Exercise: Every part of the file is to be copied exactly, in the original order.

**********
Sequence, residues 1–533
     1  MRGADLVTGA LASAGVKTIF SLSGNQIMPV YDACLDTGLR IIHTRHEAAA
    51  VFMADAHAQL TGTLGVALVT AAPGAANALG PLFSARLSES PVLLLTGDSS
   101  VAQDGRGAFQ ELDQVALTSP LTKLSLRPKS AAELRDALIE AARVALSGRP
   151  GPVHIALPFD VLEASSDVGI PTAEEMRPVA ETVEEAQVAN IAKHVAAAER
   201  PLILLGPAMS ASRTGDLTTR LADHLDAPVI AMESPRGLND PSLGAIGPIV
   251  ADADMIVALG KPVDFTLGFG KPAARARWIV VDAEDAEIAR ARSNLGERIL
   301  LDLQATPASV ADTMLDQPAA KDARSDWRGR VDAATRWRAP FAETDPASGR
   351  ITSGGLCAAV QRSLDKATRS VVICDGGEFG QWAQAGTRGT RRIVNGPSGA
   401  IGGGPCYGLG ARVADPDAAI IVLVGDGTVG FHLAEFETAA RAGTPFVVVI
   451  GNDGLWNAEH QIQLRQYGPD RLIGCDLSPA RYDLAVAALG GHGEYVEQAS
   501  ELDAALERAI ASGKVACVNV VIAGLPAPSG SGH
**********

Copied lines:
Sequence, residues 1–533
     1  MRGADLVTGA LASAGVKTIF SLSGNQIMPV YDACLDTGLR IIHTRHEAAA
    51  VFMADAHAQL TGTLGVALVT AAPGAANALG PLFSARLSES PVLLLTGDSS
   101  VAQDGRGAFQ ELDQVALTSP LTKLSLRPKS AAELRDALIE AARVALSGRP
   151  GPVHIALPFD VLEASSDVGI PTAEEMRPVA ETVEEAQVAN IAKHVAAAER
   201  PLILLGPAMS ASRTGDLTTR LADHLDAPVI AMESPRGLND PSLGAIGPIV
   251  ADADMIVALG KPVDFTLGFG KPAARARWIV VDAEDAEIAR ARSNLGERIL
   301  LDLQATPASV ADTMLDQPAA KDARSDWRGR VDAATRWRAP FAETDPASGR
   351  ITSGGLCAAV QRSLDKATRS VVICDGGEFG QWAQAGTRGT RRIVNGPSGA
   401  IGGGPCYGLG ARVADPDAAI IVLVGDGTVG FHLAEFETAA RAGTPFVVVI
   451  GNDGLWNAEH QIQLRQYGPD RLIGCDLSPA RYDLAVAALG GHGEYVEQAS
   501  ELDAALERAI ASGKVACVNV VIAGLPAPSG SGH